ASTP Crew and Training
(Top Row, L to R: American Thomas P. Stafford, Russian Alexei Leonov. Bottom Row, L to R: Americans Deke Slayton and Vance Brand, Russian Valeri Kubasov). Prior to the conduct of ASTP, the astronauts and cosmonauts visited each other's space centers and became familiar with the spacecraft of the other country. The first visit was by the Russians to Johnson Space Center in July 1973, followed by a U.S. visit to Moscow in November 1973. In late April and early May 1974, the Russian flight crews returned to Johnson Space Center, and the U.S. crews went to Moscow in June and July 1974. The Russian crew made a third trip to the United States in September 1973 and came for the fourth and last time in February 1975. The U.S. crew visited the Soviet Union in late April and early May 1975 and became the first Americans to see the Russian launch facilities at Tyuratam on April 28, 1975. One of the most difficult problems to overcome was that of language differences. To alleviate this problem as much as possible, the Americans learned Russian and the Russians learned English. It was found that the best scenario was for the Russians to speak English and for the Americans to speak Russian.
Docking Dissimilar Spacecraft
A Docking Module was designed jointly by the United States and Soviet Union, and built in the United States. Its purpose was to enable a docking between the dissimilar Soyuz spacecraft and the U.S. Apollo. It was a three meter long cylinder 1.5 meters in diameter, and in addition to serving as a docking device, also served as an airlock module between the different atmospheres of the two ships (the U.S. ship with 100% oxygen at 260 millimeters of mercury; the Soyuz with a mixed oxygen-nitrogen atmosphere at 520 mm HG--lowered from its usual 760 mm Hg for this mission). (Credit: history.nasa.gov)
The Soyuz spacecraft was successfully launched from the Soviet Space Complex in Baikonur on July 15, 1975. The Apollo was launched from NASA's Kennedy Space Center in Florida approximately seven-and-a-half hours after the Soyuz launch, After a series of extensive maneuvers, both Apollo and Soyuz entered similar orbits and began tracking each other. Three hours after docking, astronauts Stafford and Slayton opened their Apollo hatch in the Docking Module. Soon after, Leonov opened his hatch into the module and greeted Stafford.
"Handshake in Space"
American Commander Thomas P. Stafford and Russian Commander Alexei Leonov conducted the famous "handshake in space" after successfully docking their Apollo and Soyuz Spacecraft on July 17, 1975. The historic greeting was televised live to the world. During four hours of joint activities, the crews received congratulations from Soviet General Secretary Leonid Brezhnev and U.S. President Gerald Ford. The crews signed international certificates and exchanged commemorative items such as flags and plaques.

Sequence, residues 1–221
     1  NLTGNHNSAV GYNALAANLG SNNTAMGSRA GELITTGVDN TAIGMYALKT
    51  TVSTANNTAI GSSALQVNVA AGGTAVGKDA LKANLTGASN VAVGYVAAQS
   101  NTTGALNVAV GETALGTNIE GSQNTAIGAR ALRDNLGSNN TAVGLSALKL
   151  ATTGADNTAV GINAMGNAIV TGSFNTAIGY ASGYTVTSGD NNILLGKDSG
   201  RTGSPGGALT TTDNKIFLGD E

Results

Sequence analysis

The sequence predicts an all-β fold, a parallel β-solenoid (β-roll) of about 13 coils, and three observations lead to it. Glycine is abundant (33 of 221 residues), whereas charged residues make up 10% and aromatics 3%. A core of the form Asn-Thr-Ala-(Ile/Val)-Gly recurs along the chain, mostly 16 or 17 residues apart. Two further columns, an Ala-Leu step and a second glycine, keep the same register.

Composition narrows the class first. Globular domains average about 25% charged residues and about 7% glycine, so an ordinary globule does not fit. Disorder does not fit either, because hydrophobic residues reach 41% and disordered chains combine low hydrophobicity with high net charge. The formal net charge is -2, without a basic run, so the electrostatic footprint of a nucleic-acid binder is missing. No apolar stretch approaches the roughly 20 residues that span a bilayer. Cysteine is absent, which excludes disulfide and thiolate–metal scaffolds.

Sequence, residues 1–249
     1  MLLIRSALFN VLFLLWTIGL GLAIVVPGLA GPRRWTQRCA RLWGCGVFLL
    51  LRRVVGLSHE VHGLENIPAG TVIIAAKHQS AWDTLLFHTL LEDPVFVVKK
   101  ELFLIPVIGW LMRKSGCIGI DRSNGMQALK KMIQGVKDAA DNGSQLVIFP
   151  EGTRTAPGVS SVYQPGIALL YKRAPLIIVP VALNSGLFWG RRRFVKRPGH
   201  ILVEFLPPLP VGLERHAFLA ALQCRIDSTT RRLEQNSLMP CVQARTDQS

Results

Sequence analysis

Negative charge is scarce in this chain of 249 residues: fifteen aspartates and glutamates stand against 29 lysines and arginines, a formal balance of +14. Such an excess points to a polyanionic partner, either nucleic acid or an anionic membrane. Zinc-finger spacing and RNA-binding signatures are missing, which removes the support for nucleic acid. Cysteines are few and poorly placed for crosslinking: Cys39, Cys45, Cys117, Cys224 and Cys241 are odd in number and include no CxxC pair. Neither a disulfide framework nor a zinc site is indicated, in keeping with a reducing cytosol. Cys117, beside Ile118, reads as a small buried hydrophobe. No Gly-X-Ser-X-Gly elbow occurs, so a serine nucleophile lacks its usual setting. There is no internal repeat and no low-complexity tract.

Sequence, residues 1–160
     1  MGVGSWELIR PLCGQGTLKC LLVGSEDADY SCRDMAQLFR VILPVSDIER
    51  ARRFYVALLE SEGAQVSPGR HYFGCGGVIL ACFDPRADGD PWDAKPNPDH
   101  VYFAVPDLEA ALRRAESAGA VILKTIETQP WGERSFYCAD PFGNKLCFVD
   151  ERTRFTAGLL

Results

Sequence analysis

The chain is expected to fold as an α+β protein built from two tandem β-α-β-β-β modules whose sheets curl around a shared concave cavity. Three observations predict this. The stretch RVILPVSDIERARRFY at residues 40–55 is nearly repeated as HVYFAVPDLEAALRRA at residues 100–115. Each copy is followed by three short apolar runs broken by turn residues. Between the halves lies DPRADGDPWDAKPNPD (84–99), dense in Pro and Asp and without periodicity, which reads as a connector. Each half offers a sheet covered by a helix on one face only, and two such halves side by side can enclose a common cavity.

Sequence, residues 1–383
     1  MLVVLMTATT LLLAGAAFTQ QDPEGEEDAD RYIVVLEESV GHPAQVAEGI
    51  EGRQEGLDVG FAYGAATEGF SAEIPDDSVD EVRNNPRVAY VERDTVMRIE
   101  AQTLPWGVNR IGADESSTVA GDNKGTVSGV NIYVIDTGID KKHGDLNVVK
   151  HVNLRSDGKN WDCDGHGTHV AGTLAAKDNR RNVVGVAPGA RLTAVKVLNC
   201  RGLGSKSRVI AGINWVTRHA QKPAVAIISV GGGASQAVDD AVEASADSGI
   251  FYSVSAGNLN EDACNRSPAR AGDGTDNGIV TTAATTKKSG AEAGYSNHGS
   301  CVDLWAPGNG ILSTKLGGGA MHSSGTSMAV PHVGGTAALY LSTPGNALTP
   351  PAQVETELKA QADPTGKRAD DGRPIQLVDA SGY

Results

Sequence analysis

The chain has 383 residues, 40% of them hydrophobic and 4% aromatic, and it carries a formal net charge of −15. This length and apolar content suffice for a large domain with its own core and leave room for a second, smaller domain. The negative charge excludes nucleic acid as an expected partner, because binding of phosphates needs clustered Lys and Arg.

LIFE Photo Collection
Stafford and Slayton toast their space meals, jokingly covered with Russian vodka labels.
LIFE Photo Collection
Leonov shows off his artistic ability by sketching his friend, Apollo Commander Thomas P. Stafford.
Joint Activities Continue
A second period of joint activities followed when astronaut Brand entered the Soyuz and Leonov joined Stafford and Slayton in Apollo. The crews provided televised tours of each other's spacecraft and ate lunch together. After a third transfer between spacecrafts, and a joint press conference, the crews returned to their respective spacecraft.
"Primary ASTP mission objectives were to evaluate the docking and undocking of an Apollo spacecraft with a Soyuz, and determine the adequacy of the onboard orientation lights and docking target; evaluate the ability of astronauts and cosmonauts to make inter-vehicular crew transfers and the ability of spacecraft systems to support the transfers: evaluate the Apollo's capability of maintaining attitude-hold control of the docked vehicles and performing attitude maneuvers; measure quantitatively the effect of weightlessness on the crews' height and lower limb volume, according to length of exposure to zero-g; and obtain relay and direct synchronous-satellite navigation tracking data to determine their accuracy for application to Space Shuttle navigation-system design. The objectives were successfully completed, and the mission was adjudged successful on August 15, 1975." (history.nasa.gov)
Amidst the iciness of the Cold War, an unlikely friendship began to thaw the tension between the U.S and Soviet Union. Alexei Leonov (left) and Thomas Stafford (right) formed a strong bond during their Apollo-Soyuz training, and the two have remained close friends through the years following their historic joint mission.